20 Riveting College Enrollment Statistics

College enrollment statistics over the last 60 years have been steadily increasing, and it seems that college has truly become a career staple, with most jobs now requiring a degree.  

While it seemed for decades that post-secondary education was the only way to get a well-paying job, the rising cost of tuition, lack of job return on degrees, student debt crisis, and financial and personal impacts of the coronavirus pandemic seem to be shifting this perspective. 

These stats look at the cost, demographics, and prevalence of college enrollment over the decades in the United States.

Relevant College Enrollment Trends (Editor’s Choice)

  • In 1965, 5.92 million people enrolled in college
  • According to research, there are 3 million more female college applicants than males each year
  • Little more than half of the individuals enrolling in college are ages 18-19
  • Individuals with a good financial background are 50% more likely to enroll in college
  • The student enrollment rate reached its all-time high in 2010
  • In 2019/2020, 21.9 million individuals enrolled in colleges in the US
  • California has the highest enrollment rate in the US
  • Affordability is a major factor individuals consider when appraising online college courses

College enrollment rates have increased exponentially in the US since 1965. Based on college student statistics, the total number of individuals seeking higher education has increased year after year as social equality gave more access to the marginalized populations, and a degree became a staple for landing a decent paying job. College tuition has also gone up, however, causing more students than ever to go into debt for their education. 

1. In 1965, 5.92 million people enrolled in college.


56 years ago, 5.92 million individuals enrolled in college in the US, based on college enrollment stats by year. Out of these people, 3.97 million sent their application to public universities, while the remaining 1.95 million enrolled in private institutions. By 1975, this number doubled, with roughly 11.18 million people enrolling. Looking forward to today, almost 20 million people enroll in college every year. 

2. The average cost of yearly tuition in 1969 was $329.

(Yahoo Finance)

The cost of tuition has risen far beyond the rate of inflation throughout the decades. When adjusted for inflation, the cost of yearly tuition in 1969 was $2,323, while college enrollment data shows that it has now increased by over 340%. 

This excessive rise in cost has spurred a full-on student debt crisis in the US and is one of the reasons enrollment may now be declining after years of expansion. The current grand sum of US student loan debt amounts to a devastating $1.46 trillion, doubling in the last decade alone. 

College Enrollment Demographics

The demographics of college have changed significantly over the years, from exclusively young, white males to all kinds of people being granted access to higher institutional learning. These statistics highlight the main demographics of college students across age, race, and gender in the United States.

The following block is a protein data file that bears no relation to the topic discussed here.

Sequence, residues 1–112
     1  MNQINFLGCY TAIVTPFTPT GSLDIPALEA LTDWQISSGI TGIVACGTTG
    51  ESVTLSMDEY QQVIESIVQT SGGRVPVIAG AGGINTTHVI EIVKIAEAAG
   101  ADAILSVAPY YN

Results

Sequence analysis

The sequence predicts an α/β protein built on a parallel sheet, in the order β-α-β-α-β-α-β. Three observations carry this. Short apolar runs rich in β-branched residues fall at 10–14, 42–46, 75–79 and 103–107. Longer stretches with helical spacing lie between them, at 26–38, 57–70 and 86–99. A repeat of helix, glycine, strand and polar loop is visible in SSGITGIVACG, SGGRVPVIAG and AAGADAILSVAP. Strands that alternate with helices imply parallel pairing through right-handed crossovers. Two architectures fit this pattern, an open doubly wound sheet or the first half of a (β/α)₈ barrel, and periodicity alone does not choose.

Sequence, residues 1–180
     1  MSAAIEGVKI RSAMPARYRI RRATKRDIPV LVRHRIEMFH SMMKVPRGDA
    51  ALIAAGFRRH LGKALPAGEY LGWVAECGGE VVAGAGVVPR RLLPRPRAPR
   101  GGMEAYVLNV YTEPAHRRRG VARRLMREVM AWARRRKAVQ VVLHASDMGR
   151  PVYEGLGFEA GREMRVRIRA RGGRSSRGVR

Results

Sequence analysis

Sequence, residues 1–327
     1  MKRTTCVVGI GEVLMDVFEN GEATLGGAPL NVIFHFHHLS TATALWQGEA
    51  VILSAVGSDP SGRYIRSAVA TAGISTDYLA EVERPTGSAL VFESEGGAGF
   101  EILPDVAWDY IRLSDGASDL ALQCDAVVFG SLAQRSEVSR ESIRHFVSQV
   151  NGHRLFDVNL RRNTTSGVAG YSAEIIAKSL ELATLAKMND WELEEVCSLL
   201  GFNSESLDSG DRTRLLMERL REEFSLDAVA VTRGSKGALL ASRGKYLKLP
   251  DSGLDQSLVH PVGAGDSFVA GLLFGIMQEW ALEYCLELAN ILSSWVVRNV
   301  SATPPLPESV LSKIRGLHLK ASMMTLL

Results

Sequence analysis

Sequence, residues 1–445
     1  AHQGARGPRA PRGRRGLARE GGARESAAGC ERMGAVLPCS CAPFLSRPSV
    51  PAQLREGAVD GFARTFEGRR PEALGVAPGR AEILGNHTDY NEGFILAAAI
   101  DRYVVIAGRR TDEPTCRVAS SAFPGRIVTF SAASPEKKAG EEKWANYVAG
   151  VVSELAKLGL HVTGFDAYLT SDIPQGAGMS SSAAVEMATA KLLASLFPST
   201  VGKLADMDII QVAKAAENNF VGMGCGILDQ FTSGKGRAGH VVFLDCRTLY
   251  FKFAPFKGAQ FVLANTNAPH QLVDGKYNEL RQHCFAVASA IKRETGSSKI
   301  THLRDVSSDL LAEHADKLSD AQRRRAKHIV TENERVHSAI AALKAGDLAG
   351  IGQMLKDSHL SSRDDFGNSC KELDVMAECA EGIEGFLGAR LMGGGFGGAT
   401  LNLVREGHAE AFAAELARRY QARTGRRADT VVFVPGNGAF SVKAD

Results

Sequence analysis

3. There are 3 million more female college applicants than males each year. 


According to the United States college enrollment statistics, starting in 1980, female students have begun to surpass male students in numbers little by little. For the last ten years, the difference between gender statistics has been quite significant. The total number of females enrolled in college holds at around 11.5 million, compared to just 8.4 million males.

4. The rate of enrollment for African American students between 2000 and 2016 was 30-36%


The racial demographics of college enrollment are a great indicator of social change in the United States. The college enrollment statistics by race show that since 1965 there has been a substantial increase of people of color in post-secondary schools. In the last 20 years, rates have stayed relatively constant, however,  with Hispanic young adults ranging from 22-39%, American Indian/Native’s at 19%, and Asian young adults at 58%. 

5. A little more than half of the individuals enrolling in college are ages 18-19.


College enrollment statistics show that the majority of people studying at institutions of higher education are between 18-21 years of age. The lowest percentage by age group is individuals who are 30 to 34 years of age, at a 6.3% prevalence rate. 

US Higher Education Enrollment by Age

6. Individuals with a good financial background are 50% more likely to enroll in college.


According to education statistics, college has always been an investment, although more-so than ever in today’s modern age. Due to both family legacy and accessibility, those with a better financial background are more likely to attend after acquiring a high school diploma.

College Enrollment Statistics by Year

While college enrollment over the last 50 years has steadily increased, that trend is beginning to change. Due to rising costs of tuition and poor job market outcomes, enrollment statistics show a shift in the exponential curve of college applications. 

7. The student enrollment rate reached its all-time high in 2010.


The last accessible data on this topic specifies that, after long years of steady incline of the college enrollment rate, it finally reached its all-time high in 2010, with 25.2 million students choosing to apply for universities. 

Number of Newly Enrolled Undergraduate Students in the US by Year

8. In 2019/2020, 21.9 million individuals enrolled in colleges in the US.


When it comes to the number of enrolled students for 2019/2020, the college enrollment rate has declined since its peak in 2010. According to Statista’s report, the number of enrolled students in 2019/2020 was the lowest it’s been in the past decade, suggesting a gradual decline in college enrollment. 

9. The college enrollment rate is projected to reach 19.78 million in 2021.


The College Enrollment Statistics for 2021 predict that the number of people enrolling in college this upcoming year will still be close to $20 million students. Considering that  predictions were made before the onset of the global pandemic, this may no longer be the case. As colleges and universities were forced to close their doors and shift courses into online platforms, some students hit by the pandemic may decide not to go back to school this year. 

College Enrollment Statistics by State